An OB/GYN is a doctor who specializes in women’s health, specifically obstetrics (pregnancy) and gynecology (female reproductive health). MediFind can help you find a top OB/GYN near you who is an expert in your specific health condition.
An OB/GYN (also abbreviated OB/GYN or OB-GYN) is actually a combination of two medical specialties: obstetrics (the “OB”) and gynecology (the “GYN”). What’s the difference between obstetrics and gynecology?
An OB/GYN is trained in both of these fields.
An OB/GYN is a type of gynecologist with additional training. OB/GYN is actually a combination of two fields: obstetrics (a surgical specialty primarily focused on childbirth) and gynecology (the study of the female reproductive system). An OB/GYN specializes in both obstetrics and gynecology. It’s possible for a doctor to be a gynecologist (GYN), and not an obstetrician (OB). However, all obstetricians are also gynecologists (OB/GYNs).
A gynecologist (also commonly spelled gynaecologist, or abbreviated as “GYN”) is a doctor who specializes in health and diseases specific to patients with female reproductive organs. Many, but not all, gynecologists are also obstetricians, meaning that they also specialize in a surgical field of healthcare primarily related to childbirth.
Gynecologists work with a wide range of issues, including menstruation, fertility, pregnancy and childbirth, sexually transmitted infections (STIs), and hormonal disorders.
Many gynecologists also provide primary care, meaning that they offer general healthcare and preventative medicine for their patients, and are able to refer patients to other doctors for additional care when necessary.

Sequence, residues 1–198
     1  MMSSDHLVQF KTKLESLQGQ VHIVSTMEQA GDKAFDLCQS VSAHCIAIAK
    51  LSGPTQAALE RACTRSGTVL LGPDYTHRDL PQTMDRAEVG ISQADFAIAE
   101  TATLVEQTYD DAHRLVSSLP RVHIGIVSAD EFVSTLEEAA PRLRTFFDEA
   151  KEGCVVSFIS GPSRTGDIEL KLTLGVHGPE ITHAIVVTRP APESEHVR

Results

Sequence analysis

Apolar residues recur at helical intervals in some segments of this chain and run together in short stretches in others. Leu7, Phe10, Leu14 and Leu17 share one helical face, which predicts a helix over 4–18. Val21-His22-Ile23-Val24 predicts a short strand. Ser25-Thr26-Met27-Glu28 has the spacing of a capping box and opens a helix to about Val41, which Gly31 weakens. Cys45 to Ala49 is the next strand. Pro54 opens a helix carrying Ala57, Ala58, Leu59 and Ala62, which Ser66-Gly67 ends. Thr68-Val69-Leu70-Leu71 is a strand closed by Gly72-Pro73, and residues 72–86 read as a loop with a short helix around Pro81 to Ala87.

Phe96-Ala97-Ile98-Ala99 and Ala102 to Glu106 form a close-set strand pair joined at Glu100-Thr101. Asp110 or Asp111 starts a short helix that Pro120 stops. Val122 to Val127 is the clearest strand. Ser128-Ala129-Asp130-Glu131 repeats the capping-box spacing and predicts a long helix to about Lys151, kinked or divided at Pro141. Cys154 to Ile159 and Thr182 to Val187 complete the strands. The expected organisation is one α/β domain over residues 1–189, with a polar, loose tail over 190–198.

An OB/GYN (also abbreviated OB/GYN or OB-GYN) is a gynecologist that has additional training in obstetrics, which is a surgical field primarily related to childbirth.
OB/GYNs manage a wide range of issues, including menstruation, fertility, sexually transmitted infections (STIs), and hormonal disorders. Among other procedures, OB/GYNs offer pelvic exams, blood work, and ultrasounds.
They also specialize in pregnancy and childbirth, and are licensed to perform surgeries including:
Many OB/GYNs also provide primary care, meaning that they offer general healthcare and preventative medicine for their patients, and are able to refer patients to other doctors for additional care when necessary. Some women see their OB/GYN as their primary care physician.
OB/GYNs are licensed to perform surgeries related to female reproductive organs, including:
It’s recommended that women see a gynecologist or OB/GYN for annual screening, as well as any time symptoms such as pelvic, vulvar, and vaginal pain, or abnormal bleeding from the uterus arise.
Women and girls of any age can see a gynecologist or OB/GYN. In the United States, the American College of Obstetricians and Gynecologists (ACOG) recommends starting to visit a gynecologist between ages 13-15 years.
In addition, individuals with female reproductive organs, regardless of gender identity or sexual preference, can see an OB/GYN. In fact, in 2011, ACOG published guidelines to encourage greater inclusivity for sexual and gender minority (SGM) people, which include but are not limited to lesbian, gay, bisexual, transgender, and queer and questioning (LGBTQ) people.
You may see an OB/GYN for reasons including:
Conditions commonly treated by gynecologists and OB/GYNs include:
OB/GYNs treat many health conditions. If you are pregnant or hoping to become pregnant, you should usually see an OB/GYN, since they have additional training related to pregnancy and delivery beyond that of a gynecologist. You should make sure that the doctor is board-certified, meaning that they have the necessary training and credentials for your care.
You may also wish to confirm which hospital your OB/GYN is affiliated with, since this will be the hospital at which you deliver. When researching hospitals, it’s important to look at hospital quality, as well as distance from your home, since you will be back-and-forth for multiple visits, including delivery.
If you have a high-risk pregnancy, you should ensure your OB/GYN has a lot of experience relevant to your specific situation.
You should also make sure you feel comfortable with your OB/GYN, since you will be sharing intimate parts of your body and sensitive details about your life with them. Some people prefer OB/GYNs of a specific gender, though this is purely personal preference.